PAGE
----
The city at Amarna had been systematically dismantled in antiquity however the Boundary Stelae surrounding the city’s location and the tombs of the nobles to the north and south of the eastern cliffs had remained relatively untouched. The tombs were visited in antiquity with many leaving behind short messages, not as marks of vandalism but in respect of the work carried out by the tomb builders. One such message can be found in the tomb of Ahmes, tomb 3 of the northern group. Here a second century Roman citizen by the name of Catullinus has inscribed “Having ascended here, Catullinus has engraved this in the doorway, marvelling at the art of the holy quarriers.”(de G. Davies 1905b, 34, Pl.XXXV 1). His message was in addition to others dating back to 320 BCE who all marvelled at the wall paintings including that of Akhenaten and Nefertiti riding in a chariot between the palace and the Great Aten temple. It may have been that the location of the tombs held a special power of place which drew people to make a form of pilgrimage. In tomb 6, belonging to Panehsy, we see that the tomb was felt to be holy enough to have had the outer hall enlarged and modified in the creation of a Coptic Christian church. It is interesting that they too felt that the wall paintings were not at odds with their beliefs and, with the exception of the lower north-west side, left most of them intact (de G. Davies 1905a, 9-32, Pls. II, III). Whatever the visitors to the tombs thought about the people and events portrayed on the walls is difficult for us to know as there are no written accounts from the classical period. The Christian pilgrims may have looked at the images of Akhenaten and Nefertiti worshipping the Aten’s sun disc and related it in some way to their Christian beliefs, however there is no evidence of this continuing beyond the seventh century CE as Egypt came under Muslim rulers. From a game development point of view this could later be explored as a small Coptic community, the ruins of which are still present, which may also be linked to the monastic settlement in the southern end of Amarna known as Kom el-Nana.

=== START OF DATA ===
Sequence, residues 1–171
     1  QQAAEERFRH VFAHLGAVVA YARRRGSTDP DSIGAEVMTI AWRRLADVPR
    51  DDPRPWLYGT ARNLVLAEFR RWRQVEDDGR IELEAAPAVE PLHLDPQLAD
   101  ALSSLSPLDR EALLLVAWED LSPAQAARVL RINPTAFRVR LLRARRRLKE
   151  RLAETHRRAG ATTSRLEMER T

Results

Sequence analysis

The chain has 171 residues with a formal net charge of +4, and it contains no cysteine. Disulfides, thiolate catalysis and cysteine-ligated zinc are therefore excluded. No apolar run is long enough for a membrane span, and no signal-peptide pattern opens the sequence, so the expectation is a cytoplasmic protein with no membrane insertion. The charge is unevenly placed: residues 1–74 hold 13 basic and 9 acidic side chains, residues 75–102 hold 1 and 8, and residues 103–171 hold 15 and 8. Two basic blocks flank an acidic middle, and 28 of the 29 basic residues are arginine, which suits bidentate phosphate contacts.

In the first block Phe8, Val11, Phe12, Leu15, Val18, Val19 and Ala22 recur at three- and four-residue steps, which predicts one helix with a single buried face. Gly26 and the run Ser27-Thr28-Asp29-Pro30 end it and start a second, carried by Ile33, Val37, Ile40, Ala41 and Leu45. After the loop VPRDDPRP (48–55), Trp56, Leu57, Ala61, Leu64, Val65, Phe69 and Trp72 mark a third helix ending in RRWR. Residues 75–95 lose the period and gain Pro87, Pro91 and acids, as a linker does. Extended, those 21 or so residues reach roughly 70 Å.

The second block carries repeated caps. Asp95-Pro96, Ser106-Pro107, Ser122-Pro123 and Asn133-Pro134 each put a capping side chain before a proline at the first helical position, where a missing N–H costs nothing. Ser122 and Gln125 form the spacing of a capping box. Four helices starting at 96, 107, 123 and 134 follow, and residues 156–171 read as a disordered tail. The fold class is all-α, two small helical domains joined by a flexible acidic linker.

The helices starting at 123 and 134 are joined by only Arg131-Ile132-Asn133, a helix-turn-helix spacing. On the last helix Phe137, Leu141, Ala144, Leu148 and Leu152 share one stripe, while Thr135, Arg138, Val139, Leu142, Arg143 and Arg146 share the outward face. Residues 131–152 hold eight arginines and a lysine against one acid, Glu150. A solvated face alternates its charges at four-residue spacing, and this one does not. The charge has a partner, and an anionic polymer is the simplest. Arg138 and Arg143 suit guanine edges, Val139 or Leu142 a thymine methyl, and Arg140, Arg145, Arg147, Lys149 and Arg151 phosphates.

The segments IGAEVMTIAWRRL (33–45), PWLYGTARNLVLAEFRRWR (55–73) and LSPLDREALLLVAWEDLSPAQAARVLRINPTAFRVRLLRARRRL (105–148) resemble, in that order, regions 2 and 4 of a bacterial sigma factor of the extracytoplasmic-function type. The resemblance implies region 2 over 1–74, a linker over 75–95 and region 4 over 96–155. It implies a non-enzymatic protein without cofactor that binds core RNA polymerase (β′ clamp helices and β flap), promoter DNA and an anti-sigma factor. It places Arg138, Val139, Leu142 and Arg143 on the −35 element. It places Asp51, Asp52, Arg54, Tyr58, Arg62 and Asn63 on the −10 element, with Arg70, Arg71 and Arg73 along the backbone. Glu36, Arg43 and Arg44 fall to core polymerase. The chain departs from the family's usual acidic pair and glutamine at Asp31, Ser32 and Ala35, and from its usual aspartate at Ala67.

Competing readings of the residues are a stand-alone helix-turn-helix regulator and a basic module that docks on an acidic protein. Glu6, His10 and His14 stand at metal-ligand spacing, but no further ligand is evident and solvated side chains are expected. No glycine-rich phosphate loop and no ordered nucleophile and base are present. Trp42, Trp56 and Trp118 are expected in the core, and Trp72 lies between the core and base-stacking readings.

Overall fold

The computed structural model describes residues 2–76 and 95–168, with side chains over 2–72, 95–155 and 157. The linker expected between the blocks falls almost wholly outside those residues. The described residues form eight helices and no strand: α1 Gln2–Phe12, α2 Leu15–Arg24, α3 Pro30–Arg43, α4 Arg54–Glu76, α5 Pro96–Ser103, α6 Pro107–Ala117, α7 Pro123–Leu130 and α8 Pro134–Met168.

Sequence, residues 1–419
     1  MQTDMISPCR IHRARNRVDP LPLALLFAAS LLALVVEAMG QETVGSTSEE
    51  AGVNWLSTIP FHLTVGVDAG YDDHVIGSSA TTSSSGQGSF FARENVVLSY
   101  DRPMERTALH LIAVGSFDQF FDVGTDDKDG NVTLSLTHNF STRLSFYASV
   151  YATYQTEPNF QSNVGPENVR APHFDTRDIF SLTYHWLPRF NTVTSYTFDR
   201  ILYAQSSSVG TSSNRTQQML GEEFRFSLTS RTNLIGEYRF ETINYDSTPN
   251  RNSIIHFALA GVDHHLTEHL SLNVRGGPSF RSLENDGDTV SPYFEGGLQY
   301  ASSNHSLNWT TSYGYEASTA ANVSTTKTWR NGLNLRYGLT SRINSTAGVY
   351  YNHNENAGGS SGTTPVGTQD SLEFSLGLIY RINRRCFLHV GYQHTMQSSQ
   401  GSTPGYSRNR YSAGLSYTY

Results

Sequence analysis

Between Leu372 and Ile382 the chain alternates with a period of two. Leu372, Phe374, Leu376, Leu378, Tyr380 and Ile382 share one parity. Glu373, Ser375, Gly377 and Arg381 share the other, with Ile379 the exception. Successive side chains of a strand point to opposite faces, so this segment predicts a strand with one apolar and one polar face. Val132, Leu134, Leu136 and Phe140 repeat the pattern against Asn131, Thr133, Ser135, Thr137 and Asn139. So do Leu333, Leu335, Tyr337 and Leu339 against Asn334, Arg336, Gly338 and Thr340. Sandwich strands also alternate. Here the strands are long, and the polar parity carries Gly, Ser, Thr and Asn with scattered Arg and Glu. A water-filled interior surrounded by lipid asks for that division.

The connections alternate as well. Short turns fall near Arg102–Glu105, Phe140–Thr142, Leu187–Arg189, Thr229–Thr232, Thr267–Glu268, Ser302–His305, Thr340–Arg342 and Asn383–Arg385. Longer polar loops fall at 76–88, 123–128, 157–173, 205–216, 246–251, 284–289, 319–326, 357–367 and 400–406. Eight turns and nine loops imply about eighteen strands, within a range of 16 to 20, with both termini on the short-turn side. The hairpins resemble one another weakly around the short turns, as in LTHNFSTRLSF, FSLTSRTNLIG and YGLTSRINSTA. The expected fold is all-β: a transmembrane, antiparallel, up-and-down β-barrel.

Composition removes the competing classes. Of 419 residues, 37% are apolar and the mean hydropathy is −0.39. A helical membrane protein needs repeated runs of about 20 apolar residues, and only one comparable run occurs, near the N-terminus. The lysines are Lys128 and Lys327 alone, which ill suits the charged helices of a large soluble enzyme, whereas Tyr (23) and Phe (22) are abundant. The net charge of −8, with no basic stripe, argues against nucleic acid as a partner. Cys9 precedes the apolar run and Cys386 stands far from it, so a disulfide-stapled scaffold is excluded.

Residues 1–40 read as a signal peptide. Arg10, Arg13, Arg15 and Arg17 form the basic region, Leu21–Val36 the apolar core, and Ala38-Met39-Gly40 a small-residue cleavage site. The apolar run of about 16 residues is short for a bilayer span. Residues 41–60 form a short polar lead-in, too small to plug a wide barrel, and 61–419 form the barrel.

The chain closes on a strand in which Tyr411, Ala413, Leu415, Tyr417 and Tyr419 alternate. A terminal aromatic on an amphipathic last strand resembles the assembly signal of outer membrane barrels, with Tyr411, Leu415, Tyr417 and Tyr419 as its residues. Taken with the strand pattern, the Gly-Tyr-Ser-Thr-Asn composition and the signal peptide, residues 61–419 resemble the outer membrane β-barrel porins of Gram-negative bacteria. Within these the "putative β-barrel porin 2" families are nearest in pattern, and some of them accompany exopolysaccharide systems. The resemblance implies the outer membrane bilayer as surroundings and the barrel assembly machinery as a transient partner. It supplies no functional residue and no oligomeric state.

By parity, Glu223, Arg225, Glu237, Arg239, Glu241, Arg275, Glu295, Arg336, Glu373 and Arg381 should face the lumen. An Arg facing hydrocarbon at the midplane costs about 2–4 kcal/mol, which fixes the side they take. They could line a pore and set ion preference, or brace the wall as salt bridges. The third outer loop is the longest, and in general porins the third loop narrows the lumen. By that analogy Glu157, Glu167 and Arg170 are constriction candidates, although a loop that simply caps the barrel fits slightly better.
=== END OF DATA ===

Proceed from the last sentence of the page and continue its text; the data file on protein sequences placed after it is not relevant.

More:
It wasn’t until the beginning of the eighteenth century that European travellers began to look at the representation of Akhenaten in a more curious light. The first of these travellers to write about this was the French Jesuit Priest, Claude Sicard in November 1714 (van de Walle 1976, 8–9). In addition to his mission to make converts to Christianity he was also under instruction to document ancient monuments on his travels. On a visit to Tuna el-Gebel he was shown a rock carving which in modern times is referred to as the boundary stela ‘A’, depicting Akhenaten worshiping the Aten’s rays. His description and subsequent sketch were published in his later work which included the first known map of Egypt (van de Walle 1976). The description mistakenly identified Akhenaten and the Royal family as priests wearing tall pointed hats accompanied by two little boys wearing similar headgear worshipping the rays of the sun. Opposing them were two women and two girls but with their heads smashed off. His illustration can be seen in Figure 1 and we can see that whilst he tried to capture the essence of the carvings, he was not particularly accurate in their actual representation as can be seen in Hay’s sketch from 1827, Figure 2. He was unable to discern the period which they were from as they were so different to other ancient Egyptian art works giving rise to an idea that these may have been non-Egyptians. Sicard is mentioned in the publication of Frederick L. North and Charles Perry’s visit to Amarna on their travels between 1738 and 1741 (Perry 1743, IX–XI). They travelled by boat along the Nile and visited the area both on their outward and return journeys having had a close encounter with pirates on each occasion. Perry and North likely visited the rock tombs and the boundary stela ‘U’ (Perry 1743, 331,332).
This is an example of two different interpretations of the same feature and if the sketch by Sicard had been used to create a reconstruction it would have been in error. The later sketch by Hay gives a more accurate representation and one which shows more detail than that found today. If a narrative was to be constructed around the excavation history of Amarna, then the journey by North and Perry would certainly give some interesting plots. The location of the Boundary Stelae gives an indication of the possible extent of the environment should an open-world experience be developed.
It wasn’t until the Napoleonic expedition to Egypt that the city ruins began to be mapped. The collection of maps relating to the site is of value as it can show how the site was interpreted at different times and stages of exploration. It is also possible to see if any features which have been lost since are recorded. Between 1798 and 1799 Edmé Francois Jomard surveyed a small region of the site around what is now known as the Central City and subsequently published it in the Description de l’Égypte in 1817 (Planches IV plate 63.6-9) shown in Figure 3. He describes the ruins of the Small Aten temple and the impressive size of the mudbrick pylons at the entrance which, although ruined at that time, still stood 7.33m in height. Jomard was amazed at the expanse of ruins across the plain and stated that it astonished him as much as anything else he had seen in Egypt (Montserrat 2000, 61). The sketch work here can, through the brickwork and sloping faces of the pylons, be used to extrapolate a possible height.